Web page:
Voices that matter: Incarcerated people on video calling
If policymakers are legitimately concerned about making the transition out of correctional facilities as smooth as possible, they must incorporate the visitation-related concerns of incarcerated people. This post examines a few of those important concerns.
by Lucius Couloute, August 9, 2017
Correctional facilities that implement video calling technology typically argue that they are providing a better way for families to stay in touch. But as our national research shows, the introduction of this technology almost always signals a roll back of in-person visits and a new way of extracting profits from captive consumers.
One of the many grassroots organizations organizing around the harms of the video “visitation” racket is the Durham Inside-Outside Alliance; their blog is a must-read for people working on this issue in other states. In particular, it highlights the voices of incarcerated people who are reshaping the debate around poorly functioning and expensive video calling technology.
Here’s what incarcerated people have to say:
“About this (video) visitation, I think it’s bogus because a lot of parents come to visit their kids and the only way they know that they are fine is through a real visit. Seeing and knowing that they’re fine. You can’t tell through a phone visit, that doesn’t give that fist bump, that ‘I love you’ smile, or that one moment where you gotta shed that tear and the person on the other side of the glass tells you, ‘Hey, don’t worry, it’s gonna be ok…’”
Another person goes on to say:
“All of my family and friends live 2-3 hours away! So the few that are able to come see me drive all that way to see me for 20 minutes! Could you imagine driving that far to sit in front of a video screen instead of actually seeing their loved one in person?!”
Going to jail can be a terrifying experience; it separates people from their homes, jobs, friends, family, and freedom. The risk of unnatural death skyrockets in jail, due in part to the shocking disconnection from ordinary life that an abrupt period of incarceration can cause. Keeping in contact with loved ones can be one of the very few ways in which incarcerated people make it through; and as these quotes suggest, replacing in-person visits with substandard video chatting just isn’t good enough.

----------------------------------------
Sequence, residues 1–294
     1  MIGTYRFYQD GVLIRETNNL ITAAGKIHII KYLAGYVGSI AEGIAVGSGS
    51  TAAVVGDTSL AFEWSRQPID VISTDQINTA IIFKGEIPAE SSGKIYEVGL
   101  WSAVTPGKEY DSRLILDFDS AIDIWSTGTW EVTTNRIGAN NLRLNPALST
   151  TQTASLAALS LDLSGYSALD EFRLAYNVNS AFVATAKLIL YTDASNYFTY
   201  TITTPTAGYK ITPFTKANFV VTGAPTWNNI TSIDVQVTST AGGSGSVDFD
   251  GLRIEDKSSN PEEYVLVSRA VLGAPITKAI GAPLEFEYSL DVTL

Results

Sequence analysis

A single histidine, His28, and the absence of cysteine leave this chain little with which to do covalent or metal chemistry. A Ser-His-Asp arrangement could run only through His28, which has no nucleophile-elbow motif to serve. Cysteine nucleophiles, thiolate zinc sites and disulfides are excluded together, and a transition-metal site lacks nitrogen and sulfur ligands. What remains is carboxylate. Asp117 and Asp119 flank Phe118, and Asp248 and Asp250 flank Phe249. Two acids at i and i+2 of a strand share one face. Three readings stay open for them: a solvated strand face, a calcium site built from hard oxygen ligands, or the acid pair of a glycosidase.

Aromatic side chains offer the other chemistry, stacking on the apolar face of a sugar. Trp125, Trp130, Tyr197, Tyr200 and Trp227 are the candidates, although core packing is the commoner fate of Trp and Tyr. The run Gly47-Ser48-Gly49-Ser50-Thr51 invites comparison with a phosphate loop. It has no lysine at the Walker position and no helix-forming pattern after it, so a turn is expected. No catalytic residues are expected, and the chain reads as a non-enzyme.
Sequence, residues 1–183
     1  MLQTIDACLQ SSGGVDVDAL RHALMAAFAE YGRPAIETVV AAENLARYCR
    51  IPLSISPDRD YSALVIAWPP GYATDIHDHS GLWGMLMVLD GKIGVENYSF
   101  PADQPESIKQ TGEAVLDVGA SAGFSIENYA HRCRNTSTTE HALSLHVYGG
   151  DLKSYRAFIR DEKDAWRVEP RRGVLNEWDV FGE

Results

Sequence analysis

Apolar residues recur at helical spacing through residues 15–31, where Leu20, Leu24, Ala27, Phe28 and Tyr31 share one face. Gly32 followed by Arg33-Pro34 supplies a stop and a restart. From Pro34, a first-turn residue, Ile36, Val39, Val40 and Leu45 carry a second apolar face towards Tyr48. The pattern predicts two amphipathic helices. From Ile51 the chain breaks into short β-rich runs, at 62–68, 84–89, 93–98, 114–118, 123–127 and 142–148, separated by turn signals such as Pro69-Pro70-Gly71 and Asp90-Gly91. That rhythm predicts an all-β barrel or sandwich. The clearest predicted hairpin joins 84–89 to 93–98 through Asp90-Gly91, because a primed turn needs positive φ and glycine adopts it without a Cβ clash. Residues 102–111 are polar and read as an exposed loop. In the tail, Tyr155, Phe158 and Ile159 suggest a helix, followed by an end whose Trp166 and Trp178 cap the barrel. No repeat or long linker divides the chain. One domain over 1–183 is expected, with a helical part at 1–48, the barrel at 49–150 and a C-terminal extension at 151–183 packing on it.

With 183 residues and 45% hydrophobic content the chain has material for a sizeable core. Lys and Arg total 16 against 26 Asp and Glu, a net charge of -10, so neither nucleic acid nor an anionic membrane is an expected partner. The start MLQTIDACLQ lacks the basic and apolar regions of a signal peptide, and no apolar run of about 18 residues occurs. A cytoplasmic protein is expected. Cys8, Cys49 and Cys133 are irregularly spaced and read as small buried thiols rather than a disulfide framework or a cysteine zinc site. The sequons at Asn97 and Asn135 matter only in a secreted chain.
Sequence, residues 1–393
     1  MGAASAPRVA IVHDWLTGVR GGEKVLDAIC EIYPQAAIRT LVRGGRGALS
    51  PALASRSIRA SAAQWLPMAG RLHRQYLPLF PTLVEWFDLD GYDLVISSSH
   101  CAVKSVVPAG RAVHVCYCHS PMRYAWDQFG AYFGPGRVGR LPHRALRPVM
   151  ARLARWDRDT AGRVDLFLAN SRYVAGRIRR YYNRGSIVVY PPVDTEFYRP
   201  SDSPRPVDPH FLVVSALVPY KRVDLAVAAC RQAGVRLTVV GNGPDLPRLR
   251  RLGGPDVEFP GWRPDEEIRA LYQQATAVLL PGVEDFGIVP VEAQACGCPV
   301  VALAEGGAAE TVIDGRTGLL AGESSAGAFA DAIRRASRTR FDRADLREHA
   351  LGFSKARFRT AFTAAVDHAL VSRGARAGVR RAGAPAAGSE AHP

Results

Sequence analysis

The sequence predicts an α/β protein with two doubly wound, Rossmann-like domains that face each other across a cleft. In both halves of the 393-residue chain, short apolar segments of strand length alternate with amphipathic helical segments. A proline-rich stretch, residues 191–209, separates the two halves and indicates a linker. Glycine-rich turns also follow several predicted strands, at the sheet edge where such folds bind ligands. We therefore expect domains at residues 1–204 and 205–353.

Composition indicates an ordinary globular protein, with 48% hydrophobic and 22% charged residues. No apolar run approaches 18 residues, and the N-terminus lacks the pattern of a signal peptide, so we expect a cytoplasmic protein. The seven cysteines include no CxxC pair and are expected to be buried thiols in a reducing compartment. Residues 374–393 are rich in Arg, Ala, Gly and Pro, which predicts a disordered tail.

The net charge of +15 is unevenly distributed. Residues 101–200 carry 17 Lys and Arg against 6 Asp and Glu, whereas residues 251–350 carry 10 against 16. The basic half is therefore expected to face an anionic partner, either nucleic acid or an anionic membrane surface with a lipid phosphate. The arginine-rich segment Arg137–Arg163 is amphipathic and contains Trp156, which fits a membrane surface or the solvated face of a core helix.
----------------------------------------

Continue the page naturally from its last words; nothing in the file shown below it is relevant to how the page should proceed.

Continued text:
“The jail claims that they’re not going to do away with our face-to-face visits, that they added the video visits to give us more time with our family, in other words it’s [supposed] to be a win-win for us. Damn shame! They got a lie for every question people throw at them. If it was all about us getting more visits with our family, then why not give us face to face visits all throughout the week instead of spending money on all this new equipment? […] Them guards get to go home […] We don’t…”
And as another individual put it:
“What is the purpose of video visitation? The Sheriff claims it’s only an alternative – not a replacement – to face-to-face visits. If that’s true, then it would be advantageous to those who live hundreds of miles away and out of state, provided they can utilize Skype or some other home computer video to implement such visits.
I believe most detainees’ families live in or near Durham. If these family members are relegated to coming to the jail, only to sit before a monitor downstairs to see and communicate with us through another monitor upstairs, that would be a travesty of justice, an unnecessary invasion of privacy on our visits, and a waste of tax dollars.
Instinct and history tells me that video visitation is not going to be an alternative form of visitation. Rather, due time, face-to-face visits will be phased out to give the Sheriff a captive audience to charge exorbitant fees for visits. Otherwise, why try to fix what’s not broken? For the most part, detainees in jail have not been convicted of any crime. Under our system of jurisprudence, we are supposed to be deemed innocent until we are proven guilty. But in reality, this jail treats us in opposite fashion with this Board’s seal of approval.”
The incarcerated people writing to the Durham Inside-Outside Alliance are right to be concerned that in-person visits will be eliminated after the installation of video terminals. While some jails add off-site video calling to supplement in-person visitation, the only reason that jails build on-site video calling booths is so they can then ban traditional in-person visits. Correctional staff might not see the problem with preventing incarcerated people from seeing their loved ones in person, but for those behind bars who can’t go home at night, it means everything to them.
So what about the jail’s argument that video calls give incarcerated people more time with their families? Existing evidence says the opposite is more likely to be true. A survey conducted by Travis County (TX) Sheriff’s Office after they changed to video-only “visitation”, found that 91% of visitors reported that they would prefer face-to-face visitation. In fact, our analysis found that “visits” decreased by 28% after the sheriff banned in-person visitation. The simple truth is that replacing in person visits with poorly functioning video calling systems makes it harder – not easier – for families to maintain relationships.
Incarcerated people want to be able to communicate with their loved ones in a calm and comfortable environment because it helps maintain connections that will eventually aid in the reentry process. Forcing them to speak with visitors using video terminals placed in public areas only inhibits successful reentry.
If policymakers are legitimately concerned about making the transition out of correctional facilities as smooth as possible, they must incorporate the visitation-related concerns of incarcerated people. Because sometimes, the best answers are staring right back at us (and hopefully not through grainy video screens).